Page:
Immigration and Labor Market Outcomes in the Native Elderly Population
NBER Retirement Research Center Paper No. NB 08-10
Issued in September 2008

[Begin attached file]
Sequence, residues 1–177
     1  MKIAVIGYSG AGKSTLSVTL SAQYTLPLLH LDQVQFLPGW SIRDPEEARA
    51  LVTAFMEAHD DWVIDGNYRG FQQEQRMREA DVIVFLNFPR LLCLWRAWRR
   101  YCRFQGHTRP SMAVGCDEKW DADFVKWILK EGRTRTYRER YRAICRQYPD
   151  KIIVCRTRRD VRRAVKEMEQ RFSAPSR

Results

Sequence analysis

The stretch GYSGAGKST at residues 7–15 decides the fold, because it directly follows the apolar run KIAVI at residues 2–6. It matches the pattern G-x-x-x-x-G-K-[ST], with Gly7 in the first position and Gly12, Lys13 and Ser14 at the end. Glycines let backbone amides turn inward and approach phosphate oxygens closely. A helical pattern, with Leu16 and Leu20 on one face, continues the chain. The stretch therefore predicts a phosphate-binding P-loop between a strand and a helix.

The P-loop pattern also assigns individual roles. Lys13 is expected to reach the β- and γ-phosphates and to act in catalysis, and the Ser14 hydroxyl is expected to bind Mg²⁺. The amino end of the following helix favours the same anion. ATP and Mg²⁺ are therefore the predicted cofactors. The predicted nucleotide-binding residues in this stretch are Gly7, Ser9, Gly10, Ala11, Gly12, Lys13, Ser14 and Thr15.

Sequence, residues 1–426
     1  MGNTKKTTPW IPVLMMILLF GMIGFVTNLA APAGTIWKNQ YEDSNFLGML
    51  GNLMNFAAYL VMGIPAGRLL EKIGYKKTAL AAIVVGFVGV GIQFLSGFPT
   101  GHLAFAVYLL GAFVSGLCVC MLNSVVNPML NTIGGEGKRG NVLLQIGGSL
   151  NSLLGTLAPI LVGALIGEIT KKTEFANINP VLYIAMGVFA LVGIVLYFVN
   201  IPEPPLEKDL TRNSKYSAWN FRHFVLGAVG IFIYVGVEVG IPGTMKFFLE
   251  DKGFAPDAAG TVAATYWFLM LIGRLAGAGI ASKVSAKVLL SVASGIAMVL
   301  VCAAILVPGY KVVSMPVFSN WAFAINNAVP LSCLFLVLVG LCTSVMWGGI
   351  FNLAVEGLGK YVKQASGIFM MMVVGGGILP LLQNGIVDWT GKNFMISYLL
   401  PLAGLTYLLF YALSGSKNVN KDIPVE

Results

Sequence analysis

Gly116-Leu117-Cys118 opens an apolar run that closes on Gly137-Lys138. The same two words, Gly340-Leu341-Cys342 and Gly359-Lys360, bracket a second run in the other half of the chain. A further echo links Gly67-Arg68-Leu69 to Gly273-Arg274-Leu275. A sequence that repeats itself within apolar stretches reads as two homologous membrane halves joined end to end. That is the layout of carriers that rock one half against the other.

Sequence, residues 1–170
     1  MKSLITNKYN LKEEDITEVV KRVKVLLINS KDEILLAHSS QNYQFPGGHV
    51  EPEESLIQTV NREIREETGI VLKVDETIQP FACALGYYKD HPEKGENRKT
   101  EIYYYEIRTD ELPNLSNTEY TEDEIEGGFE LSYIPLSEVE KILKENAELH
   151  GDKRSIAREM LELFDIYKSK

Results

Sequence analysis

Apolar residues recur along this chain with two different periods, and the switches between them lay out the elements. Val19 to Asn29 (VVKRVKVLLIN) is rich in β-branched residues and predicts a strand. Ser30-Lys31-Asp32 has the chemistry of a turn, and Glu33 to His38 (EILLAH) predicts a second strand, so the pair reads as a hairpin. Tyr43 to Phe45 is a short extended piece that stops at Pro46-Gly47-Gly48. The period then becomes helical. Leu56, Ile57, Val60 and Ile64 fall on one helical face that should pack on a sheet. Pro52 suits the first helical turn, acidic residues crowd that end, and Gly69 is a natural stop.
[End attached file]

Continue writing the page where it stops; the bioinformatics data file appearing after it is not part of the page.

A rapidly increasing fraction of the elderly workforce is foreign-born. This paper uses data drawn from the 1960-2000 censuses and the post-1994 Current Population Surveys to examine the impact of immigration on various economic outcomes in the native elderly population. The analysis suggests that immigration had a depressing effect on the wage of competing native workers, and induced substantial reductions in labor supply and increases in retirement propensities in the native elderly population. The data also suggest that conditions in the labor market for elderly workers exhibit "excess sensitivity" to immigration-induced supply shifts. The wage elasticity typically found in national-level studies of the impact of immigration on the overall labor market lies around -0.3 or -0.4 (in other words, a 10-percent immigrationinduced supply shift in the size of a particular skill group lowers the wage of that group by 3 or 4 percent). In contrast, the wage elasticity in the elderly workforce seems to be twice as high. As a result, immigration had correspondingly large effects on the time allocation of elderly persons. A 10-percent immigration-induced increase in the size of the workforce lowers the employment rate of elderly men by 7 percentage points and increases the probability of receiving Social Security benefits by 6 percentage points.
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